While debate on the seat redistribution
bill gets underway, the Liberals have decided to throw caution to the wind and
outline their radical proposal of redistribution a) without adding new seats,
and b) still respecting some of the established floors, though not all. It’s
ballsy, I’ll grant them that, but I’m certainly not sold, since I do think that
we would actually be better served by having more MPs. What troubles me most,
however, is this adoption of the populist rhetoric of “too many politicians”
and the nonsense rhetoric of using fiscal prudence as the fig leaf to hang said
populist sentiment on. It’s like the Liberals have forgotten that they’re
borrowing the very same populist nonsense of Mike Harris’s “Common Sense
Revolution” that they’re so fond of railing against to this very day. It
also invites more ridiculous contributions, like the NDP chiming in to say that
if you really want to save on politicians’ costs, then abolish the Senate (not
only a virtual constitutional impossibility, but let us also remember that the
Senate is actually a far more cost-effective body than the Commons, and they tend
to produce a lot better work if we’re going to make the argument). Sure, the
Liberals want to look like the outsiders with the radical ideas right now
– I get it. But perhaps they need to reevaluate some of the accompanying
rhetoric before they say something they’ll later regret.
Hidden in the omnibus crime bill: provisions that would give the immigration minister the power to arbitrarily
deny visas to “vulnerable” workers, which adds a whole lot of moral and
political ambiguity to the system.
Oh, look – our “fiscally responsible”
government has increased spending 22 percent in its first five years of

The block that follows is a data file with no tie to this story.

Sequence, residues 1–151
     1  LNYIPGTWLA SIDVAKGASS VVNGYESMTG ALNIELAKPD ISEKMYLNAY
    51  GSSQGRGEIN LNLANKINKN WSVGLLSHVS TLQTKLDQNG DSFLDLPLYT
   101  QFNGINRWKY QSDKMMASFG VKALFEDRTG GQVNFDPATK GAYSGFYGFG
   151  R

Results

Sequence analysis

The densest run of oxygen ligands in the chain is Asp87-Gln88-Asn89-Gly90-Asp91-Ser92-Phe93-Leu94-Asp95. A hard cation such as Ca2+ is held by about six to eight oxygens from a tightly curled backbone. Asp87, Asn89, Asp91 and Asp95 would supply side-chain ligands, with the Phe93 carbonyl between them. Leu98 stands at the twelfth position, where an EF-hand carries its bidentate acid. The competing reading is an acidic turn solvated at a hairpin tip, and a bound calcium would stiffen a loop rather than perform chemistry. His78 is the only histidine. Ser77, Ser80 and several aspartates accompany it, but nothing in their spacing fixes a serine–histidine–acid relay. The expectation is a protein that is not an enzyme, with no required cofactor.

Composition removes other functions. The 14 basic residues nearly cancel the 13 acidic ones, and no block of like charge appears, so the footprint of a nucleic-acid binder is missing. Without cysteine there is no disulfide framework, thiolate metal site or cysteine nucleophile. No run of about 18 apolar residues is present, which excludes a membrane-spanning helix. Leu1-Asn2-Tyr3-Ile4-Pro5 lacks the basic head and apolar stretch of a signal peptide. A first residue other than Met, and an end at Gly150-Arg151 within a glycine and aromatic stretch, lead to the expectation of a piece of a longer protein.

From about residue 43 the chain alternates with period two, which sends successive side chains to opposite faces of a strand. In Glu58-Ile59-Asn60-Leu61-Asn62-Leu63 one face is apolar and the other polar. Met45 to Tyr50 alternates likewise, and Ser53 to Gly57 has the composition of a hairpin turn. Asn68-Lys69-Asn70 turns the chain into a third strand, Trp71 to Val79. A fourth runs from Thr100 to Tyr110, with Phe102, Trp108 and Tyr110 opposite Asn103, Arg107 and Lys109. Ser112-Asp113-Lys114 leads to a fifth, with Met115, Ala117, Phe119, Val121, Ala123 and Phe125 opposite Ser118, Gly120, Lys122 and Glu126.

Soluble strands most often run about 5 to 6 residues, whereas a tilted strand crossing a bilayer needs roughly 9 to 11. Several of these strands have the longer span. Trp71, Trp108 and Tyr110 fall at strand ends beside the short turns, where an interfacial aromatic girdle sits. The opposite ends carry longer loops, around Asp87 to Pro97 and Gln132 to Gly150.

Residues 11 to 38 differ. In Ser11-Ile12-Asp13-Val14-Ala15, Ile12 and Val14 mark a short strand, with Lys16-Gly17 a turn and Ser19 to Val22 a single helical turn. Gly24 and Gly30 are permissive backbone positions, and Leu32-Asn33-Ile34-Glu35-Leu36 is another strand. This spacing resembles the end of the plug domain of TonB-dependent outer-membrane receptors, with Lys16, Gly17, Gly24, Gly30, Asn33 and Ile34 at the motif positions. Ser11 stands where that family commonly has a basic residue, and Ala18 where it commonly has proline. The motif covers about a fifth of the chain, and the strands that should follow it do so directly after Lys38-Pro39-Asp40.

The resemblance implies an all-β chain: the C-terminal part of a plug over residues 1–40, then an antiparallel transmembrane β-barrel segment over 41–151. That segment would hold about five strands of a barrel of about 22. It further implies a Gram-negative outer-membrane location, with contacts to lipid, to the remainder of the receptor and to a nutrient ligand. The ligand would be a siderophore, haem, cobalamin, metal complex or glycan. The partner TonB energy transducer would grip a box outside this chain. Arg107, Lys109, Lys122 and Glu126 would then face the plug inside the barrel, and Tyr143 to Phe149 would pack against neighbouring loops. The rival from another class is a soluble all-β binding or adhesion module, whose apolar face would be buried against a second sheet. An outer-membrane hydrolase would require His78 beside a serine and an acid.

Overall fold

office – and no, stimulus spending in the last recession was not the only
More cuts to federal agencies studying
extreme weather resulting from climate change. Try to look surprised, everyone!
The report on the Privy Council Office and how
it seems to continually be thrown by natural disasters and political crises
makes one wonder just how competently its political direction really is. The
signs are worrying.
Over in the Senate, Liberal senators are
trying to get time to “pre-study” the Wheat Board bill, which is not an
uncommon occurrence, but as part of that, they want to be able to travel to
Western Canada to actually talk to affected farmers. The Conservatives
voted it down once, but the Liberals are trying again with a vote on Tuesday.
And to add to that drama, the Conservatives have decided they want to
limit debate in the Senate to six hours on the bill. Because apparently,
sober second thought also deserves time allocation.
Here’s a look at the upcoming NDP leadership
debates and how Thomas Mulcair fits into the puzzle. Incidentally, there are
six debates planned, but Paul Dewar thinks there should be 10. Dewar is also
talking about the need for a “Western strategy” for the party, but one would
think that rhetoric that doesn’t vilify the resource extraction industry might
be a good start.
And John Baird is off to the UAE and
Kuwait. Somehow I doubt that being a vocal advocate for gay rights will be on
his agenda there as it was at the Commonwealth meeting.